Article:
5 Environmental Justice Organizations That Are Making A Difference
The negative effects of climate change and capitalism are felt the strongest in lower income communities of color, where there are often various factors, such as the rampant extraction of fossil fuels, that contribute to poor air and water quality. Many groups across the United States have formed to fight back with grassroots organizing and campaigning. This list, presented in no particular order, highlights several of them.
Kicking off our list at #1 is Beyond Toxics, an environmental justice organization working to advance policies that will ensure meaningful participation and grassroots leadership from Oregon’s front-line and impacted communities. Established in 2001, it believes that everyone, regardless of race, income, class, gender, and citizenship status, deserves access to resources free of exposure to harmful pollution.
Beyond Toxics collaborates with other nonprofits, educators, and tribal organizations to build its movement; it advocates for policies that provide fair, inclusive, and equitable access to clean air, clean water, and safe spaces for all to live and work in. It also shares information and resources so individuals can lead more environmentally-friendly lives.
Next up, at #2, we present Front and Centered, a Washington-based, communities of color-led coalition of organizations on the front lines of economic and environmental change. Together, and with key partners, it works towards its vision for the future, which it calls a Just Transition.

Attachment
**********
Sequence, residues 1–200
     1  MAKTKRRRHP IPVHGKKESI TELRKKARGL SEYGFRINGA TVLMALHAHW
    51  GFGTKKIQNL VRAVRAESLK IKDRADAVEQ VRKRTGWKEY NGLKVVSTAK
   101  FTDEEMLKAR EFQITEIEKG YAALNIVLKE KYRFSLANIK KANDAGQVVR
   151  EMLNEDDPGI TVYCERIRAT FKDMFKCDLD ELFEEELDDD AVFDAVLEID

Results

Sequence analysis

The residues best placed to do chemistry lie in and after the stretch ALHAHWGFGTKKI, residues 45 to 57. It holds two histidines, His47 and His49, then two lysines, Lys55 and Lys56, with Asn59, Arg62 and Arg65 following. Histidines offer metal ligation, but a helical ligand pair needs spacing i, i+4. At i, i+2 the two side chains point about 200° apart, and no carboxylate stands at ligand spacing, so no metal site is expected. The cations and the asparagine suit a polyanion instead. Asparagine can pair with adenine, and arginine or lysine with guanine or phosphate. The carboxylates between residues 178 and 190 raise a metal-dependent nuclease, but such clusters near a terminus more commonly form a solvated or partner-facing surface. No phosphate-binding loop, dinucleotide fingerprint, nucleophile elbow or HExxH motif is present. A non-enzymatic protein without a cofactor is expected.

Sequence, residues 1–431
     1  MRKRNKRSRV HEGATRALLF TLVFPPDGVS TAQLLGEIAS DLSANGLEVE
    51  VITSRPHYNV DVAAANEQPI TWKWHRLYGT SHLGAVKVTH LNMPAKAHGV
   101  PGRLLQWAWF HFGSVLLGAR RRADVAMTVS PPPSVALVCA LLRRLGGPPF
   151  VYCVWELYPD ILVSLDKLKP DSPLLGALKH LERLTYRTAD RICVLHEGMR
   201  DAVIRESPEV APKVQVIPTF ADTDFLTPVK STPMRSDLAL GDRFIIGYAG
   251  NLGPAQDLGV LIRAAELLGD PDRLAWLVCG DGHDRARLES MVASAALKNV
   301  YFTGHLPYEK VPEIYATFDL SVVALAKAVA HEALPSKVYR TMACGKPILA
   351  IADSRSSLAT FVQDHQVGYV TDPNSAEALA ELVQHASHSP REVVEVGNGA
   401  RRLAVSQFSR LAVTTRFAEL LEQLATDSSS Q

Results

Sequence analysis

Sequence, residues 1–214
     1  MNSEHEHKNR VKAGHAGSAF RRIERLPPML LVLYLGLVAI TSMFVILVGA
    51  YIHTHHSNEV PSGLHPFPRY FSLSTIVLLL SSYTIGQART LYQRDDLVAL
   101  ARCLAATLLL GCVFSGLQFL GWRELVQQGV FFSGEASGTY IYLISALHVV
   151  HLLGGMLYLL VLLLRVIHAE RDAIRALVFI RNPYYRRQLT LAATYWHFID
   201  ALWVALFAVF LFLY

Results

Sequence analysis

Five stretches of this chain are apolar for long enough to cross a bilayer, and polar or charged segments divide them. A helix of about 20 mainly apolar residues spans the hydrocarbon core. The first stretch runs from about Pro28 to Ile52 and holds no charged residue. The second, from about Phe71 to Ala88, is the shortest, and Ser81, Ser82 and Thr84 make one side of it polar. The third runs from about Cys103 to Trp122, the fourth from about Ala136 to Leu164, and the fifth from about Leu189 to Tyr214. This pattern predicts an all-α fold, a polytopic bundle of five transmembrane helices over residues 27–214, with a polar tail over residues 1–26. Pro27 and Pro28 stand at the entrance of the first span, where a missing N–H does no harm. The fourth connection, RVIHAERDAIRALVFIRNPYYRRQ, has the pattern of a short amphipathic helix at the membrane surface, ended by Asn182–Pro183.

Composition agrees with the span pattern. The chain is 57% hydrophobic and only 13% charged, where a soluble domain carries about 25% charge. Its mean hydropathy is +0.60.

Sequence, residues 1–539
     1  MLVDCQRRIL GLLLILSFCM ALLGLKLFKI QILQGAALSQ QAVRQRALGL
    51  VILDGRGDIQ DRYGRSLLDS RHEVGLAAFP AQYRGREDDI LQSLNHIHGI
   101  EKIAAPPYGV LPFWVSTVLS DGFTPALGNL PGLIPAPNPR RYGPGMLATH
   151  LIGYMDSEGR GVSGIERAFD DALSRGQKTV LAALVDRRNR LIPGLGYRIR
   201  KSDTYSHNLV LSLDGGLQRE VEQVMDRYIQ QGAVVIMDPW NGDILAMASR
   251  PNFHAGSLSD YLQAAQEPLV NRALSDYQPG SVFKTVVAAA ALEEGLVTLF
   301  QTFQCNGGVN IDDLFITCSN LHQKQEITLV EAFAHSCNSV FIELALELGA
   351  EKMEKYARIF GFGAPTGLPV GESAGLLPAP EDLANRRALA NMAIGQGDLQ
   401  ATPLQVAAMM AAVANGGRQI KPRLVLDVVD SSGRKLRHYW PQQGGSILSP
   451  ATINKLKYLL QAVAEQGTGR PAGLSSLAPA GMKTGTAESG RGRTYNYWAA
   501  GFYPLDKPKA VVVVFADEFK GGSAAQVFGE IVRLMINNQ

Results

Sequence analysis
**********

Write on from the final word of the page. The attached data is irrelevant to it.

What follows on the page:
The group's Just Transition requires action in four key areas. These include centering those disproportionately impacted by government, restoring community connections, creating livelihoods within a healthy environment, and shifting to renewable resources and energy.
For #3, we have the Just Transition Alliance. Founded in 1997 as a coalition of environmental justice and labor organizations, it aims to create healthy workplaces and communities. The nonprofit focuses on contaminated sites that need to be cleaned up, as well as the transition to sustainable production and economies.
Based in San Diego, California, the organization hosts numerous events throughout the year, including on-the-ground actions and trainings. It also produces infographics that explain complicated concepts such as the lifecycle of plastics for people to share on social media.
Coming in at #4 is Clean Water for North Carolina, a nonprofit organization promoting clean, safe water and empowered, just communities through community organizing, advocacy, education, and technical assistance, with offices in Durham and Asheville.
CWNC works to ensure that North Carolinians know the source of their drinking water, the threats to its safety, and their responsibility for its protection. The group believes that water service should be publicly owned and canvasses across the state to advocate for this.
Last but not least, at #5, we have WE ACT for Environmental Justice. This organization is based in New York City, specifically northern Manhattan. It acts as a community health watchdog to advocate for and advance measures to shape an environment that improves the quality of life for residents of this area.
It has research partnerships with Columbia University, Montefiore Medical Center, and Mt. Sinai Hospital. One of its collaborative projects was used to justify a fine particulate standard adopted by the EPA and upheld by the US Supreme Court.